NATO initiates plan to stem migrant flow across the Aegean

World Today

Every day nearly 2,000 migrants make the dangerous journey by sea into Europe, afraid and desperate for survival.

That’s nearly 10 times the number of migrants making the crossing than a year ago. There’s now a plan to try to stem this surge and to potentially save lives in the process.

CCTV America’s Mike Walter reports.

NATO initiates plan to stem migrant flow across the Aegean

Afraid and desperate for survival. Each and every day nearly two thousand migrants make dangerous journeys by sea into Europe. That's nearly ten times the average from a year ago. Now, a new plan to try to stem the surge, and potentially save lives in the process. CCTV America's Mike Walter reports. Since the start of the year, the International Organization for Migration estimates that more than 70-thousand migrants and refugees have made this same journey. More than 300 others died trying. Late last week, NATO's Supreme Allied Commander announced a new mission. Several vessels immediately set out for the Aegean Sea. NATO is trying to identify the smugglers behind these boats. Right now, the only thing they know for sure is the route refugees and migrants are taking. It starts with an escape from Syria, into Turkey. Then they set out on the Aegean Sea headed for the Greek islands. From Greece migrants head for Germany and other parts of Europe. Other refugees and migrants are making this same trek from places like Afghanistan, Iraq and Eritrea. Could NATO's mission extend beyond the Aegean Sea? That's up for debate. Aircraft from Saudi Arabia are now arriving at Turkey's Incirlik air base. Saudi Arabia says that it is prepared to send ground troops into Syria if NATO or the U.S.-led coalition does too.

Since the beginning of the year, the International Organization for Migration estimates that more than 70,000 migrants and refugees have made this journey.

More than 300 others died trying.

In response to the refugee and migrant crisis, NATO’s supreme allied commander announced a new mission to identify smugglers. Currently, they only know the routes migrants and refugees take: first from Syria to Turkey, then to the Greek islands in the Aegean Sea, finally to Germany or other European countries. Similar treks begin in Afghanistan, Iraq, or Eritrea.

But could NATO’s mission extend beyond the Aegean Sea?

Saudi Arabia said it’s prepared to send ground troops into Syria if NATO or the U.S.-led coalition does too, and sent aircraft to Turkey’s Incirlik air base.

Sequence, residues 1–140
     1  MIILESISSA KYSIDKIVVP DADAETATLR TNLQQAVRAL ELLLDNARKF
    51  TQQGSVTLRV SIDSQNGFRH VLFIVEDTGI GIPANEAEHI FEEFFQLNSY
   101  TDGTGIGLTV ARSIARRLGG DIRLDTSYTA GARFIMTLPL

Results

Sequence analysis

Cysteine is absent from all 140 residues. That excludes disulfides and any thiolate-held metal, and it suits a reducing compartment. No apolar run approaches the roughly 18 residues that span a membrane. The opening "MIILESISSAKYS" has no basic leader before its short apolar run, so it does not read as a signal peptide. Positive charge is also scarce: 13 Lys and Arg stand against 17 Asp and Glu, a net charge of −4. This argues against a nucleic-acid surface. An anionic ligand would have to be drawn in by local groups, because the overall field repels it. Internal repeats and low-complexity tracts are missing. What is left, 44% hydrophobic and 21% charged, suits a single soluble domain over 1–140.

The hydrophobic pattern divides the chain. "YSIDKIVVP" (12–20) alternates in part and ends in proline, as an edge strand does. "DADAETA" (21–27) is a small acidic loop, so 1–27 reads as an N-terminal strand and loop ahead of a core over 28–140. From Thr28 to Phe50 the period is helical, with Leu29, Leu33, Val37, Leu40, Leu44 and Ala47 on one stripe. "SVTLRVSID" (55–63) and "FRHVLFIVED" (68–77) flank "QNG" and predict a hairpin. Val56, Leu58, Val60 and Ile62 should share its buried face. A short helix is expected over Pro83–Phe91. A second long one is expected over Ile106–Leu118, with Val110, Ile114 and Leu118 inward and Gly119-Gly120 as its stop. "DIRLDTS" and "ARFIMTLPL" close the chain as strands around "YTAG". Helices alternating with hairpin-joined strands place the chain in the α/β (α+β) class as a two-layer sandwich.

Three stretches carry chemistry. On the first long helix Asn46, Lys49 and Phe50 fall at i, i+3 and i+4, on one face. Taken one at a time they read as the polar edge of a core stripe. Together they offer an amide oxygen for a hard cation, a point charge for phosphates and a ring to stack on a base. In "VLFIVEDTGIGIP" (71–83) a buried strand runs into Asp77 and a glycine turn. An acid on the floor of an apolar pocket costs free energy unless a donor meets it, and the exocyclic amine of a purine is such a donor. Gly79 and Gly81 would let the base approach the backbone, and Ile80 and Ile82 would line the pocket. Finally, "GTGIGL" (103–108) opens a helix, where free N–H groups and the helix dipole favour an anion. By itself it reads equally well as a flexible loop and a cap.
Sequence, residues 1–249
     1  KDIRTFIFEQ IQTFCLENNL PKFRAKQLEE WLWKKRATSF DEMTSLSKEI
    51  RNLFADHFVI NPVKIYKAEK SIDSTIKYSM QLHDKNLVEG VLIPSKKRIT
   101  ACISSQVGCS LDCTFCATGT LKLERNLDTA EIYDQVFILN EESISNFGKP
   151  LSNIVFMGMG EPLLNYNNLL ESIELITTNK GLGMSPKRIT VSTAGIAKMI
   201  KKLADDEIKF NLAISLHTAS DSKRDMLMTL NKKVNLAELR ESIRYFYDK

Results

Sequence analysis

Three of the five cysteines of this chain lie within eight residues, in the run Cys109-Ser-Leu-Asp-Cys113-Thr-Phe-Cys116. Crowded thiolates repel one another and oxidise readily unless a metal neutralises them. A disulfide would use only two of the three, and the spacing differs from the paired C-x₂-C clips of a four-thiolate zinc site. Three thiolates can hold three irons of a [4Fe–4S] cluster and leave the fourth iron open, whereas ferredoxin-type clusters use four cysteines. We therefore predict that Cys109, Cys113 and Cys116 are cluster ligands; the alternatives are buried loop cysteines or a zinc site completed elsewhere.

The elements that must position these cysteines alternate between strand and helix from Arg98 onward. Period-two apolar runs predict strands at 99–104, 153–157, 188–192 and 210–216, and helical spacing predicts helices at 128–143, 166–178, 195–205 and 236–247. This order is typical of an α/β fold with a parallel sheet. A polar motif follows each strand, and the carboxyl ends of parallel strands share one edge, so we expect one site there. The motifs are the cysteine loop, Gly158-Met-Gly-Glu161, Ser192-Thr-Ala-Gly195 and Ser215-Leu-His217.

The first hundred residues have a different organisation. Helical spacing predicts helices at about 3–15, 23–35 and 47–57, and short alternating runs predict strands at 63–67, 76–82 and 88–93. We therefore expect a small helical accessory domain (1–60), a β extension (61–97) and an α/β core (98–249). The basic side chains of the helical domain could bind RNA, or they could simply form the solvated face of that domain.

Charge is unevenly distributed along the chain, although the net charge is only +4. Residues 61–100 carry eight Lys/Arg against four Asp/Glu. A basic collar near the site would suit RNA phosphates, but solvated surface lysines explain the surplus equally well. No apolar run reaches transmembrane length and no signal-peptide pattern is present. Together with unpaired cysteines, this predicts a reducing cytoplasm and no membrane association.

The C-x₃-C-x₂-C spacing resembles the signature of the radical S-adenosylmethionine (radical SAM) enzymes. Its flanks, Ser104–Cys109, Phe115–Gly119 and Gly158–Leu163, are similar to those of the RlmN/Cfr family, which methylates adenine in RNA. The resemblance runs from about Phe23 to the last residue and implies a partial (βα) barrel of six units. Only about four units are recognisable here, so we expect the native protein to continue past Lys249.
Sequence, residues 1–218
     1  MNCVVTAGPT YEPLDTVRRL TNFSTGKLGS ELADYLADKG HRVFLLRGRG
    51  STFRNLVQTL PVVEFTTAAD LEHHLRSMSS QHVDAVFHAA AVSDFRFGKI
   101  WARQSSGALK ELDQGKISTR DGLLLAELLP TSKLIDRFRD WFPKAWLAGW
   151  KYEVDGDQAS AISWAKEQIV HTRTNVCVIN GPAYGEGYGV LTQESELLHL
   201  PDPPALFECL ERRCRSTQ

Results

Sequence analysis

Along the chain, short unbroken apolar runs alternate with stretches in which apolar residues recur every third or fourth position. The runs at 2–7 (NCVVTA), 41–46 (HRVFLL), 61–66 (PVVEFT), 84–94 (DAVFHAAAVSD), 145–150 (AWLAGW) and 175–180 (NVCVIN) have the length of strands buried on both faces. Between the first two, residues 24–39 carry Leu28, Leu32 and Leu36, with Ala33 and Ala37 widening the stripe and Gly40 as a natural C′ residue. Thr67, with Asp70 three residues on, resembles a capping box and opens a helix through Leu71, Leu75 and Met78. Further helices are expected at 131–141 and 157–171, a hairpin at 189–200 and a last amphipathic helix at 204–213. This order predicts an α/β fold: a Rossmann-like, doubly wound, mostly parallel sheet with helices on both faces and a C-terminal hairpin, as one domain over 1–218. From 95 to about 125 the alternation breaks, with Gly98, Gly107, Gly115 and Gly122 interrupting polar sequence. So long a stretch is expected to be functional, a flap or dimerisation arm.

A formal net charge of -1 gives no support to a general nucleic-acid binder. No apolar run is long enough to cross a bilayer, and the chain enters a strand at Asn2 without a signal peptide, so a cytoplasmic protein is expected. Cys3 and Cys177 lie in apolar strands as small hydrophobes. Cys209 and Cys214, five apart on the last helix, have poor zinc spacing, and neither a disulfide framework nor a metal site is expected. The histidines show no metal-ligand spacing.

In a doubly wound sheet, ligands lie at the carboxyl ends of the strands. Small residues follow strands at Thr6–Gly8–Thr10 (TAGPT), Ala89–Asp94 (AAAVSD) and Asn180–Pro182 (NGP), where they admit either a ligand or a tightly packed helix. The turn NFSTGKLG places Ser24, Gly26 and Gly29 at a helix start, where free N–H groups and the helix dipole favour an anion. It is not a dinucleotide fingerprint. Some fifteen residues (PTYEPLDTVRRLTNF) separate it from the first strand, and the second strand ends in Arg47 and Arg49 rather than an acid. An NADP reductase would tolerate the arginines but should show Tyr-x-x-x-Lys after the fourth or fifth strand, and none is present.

Kurt Volker on the impact of NATO’s presence

NATO hopes its presence will not only make smuggling harder, but that it will eventually end human trafficking across the Aegean. How realistic is that? And how exactly will this mission work?

Kurt Volker Spoke to CCTV about the impact of NATO’s presence. Kurt Volker is the former U.S. ambassador to NATO. He’s now Executive Director of the McCain Institute for International Leadership at Arizona State University.

Kurt Volker on the impact of NATO's presence

NATO's hope is that its presence will make smuggling harder. And eventually bring people trafficking across the Aegean to an end. How realistic is that? And how exactly will this mission work? Kurt Volker Spoke to CCTV about the impact of NATO's presence. Kurt Volker is the former U.S. ambassador to NATO. He's now Executive Director of the McCain Institute for International Leadership at Arizona State University.


Security policy analyst Kamran Bokhari on the cease-fire in Syria

Kamran Bokhari on the Syrian cease-fire

CCTV America's Mike Walter spoke with security policy analyst Kamran Bokhari about the cease-fire in Syria, why hospitals and schools are being targeted, and Tukey's accusations that Russia has committed war crimes. Bokhari is a Fellow with the Program on Extremism at George Washington University, and he's also a senior lecturer at the Security and Policy Institute at the University of Ottawa. He joined us from Toronto.

CCTV America’s Mike Walter spoke with security policy analyst Kamran Bokhari about the cease-fire in Syria, why hospitals and schools are being targeted, and Tukey’s accusations that Russia has committed war crimes. Bokhari is a Fellow with the Program on Extremism at George Washington University, and he’s also a senior lecturer at the Security and Policy Institute at the University of Ottawa.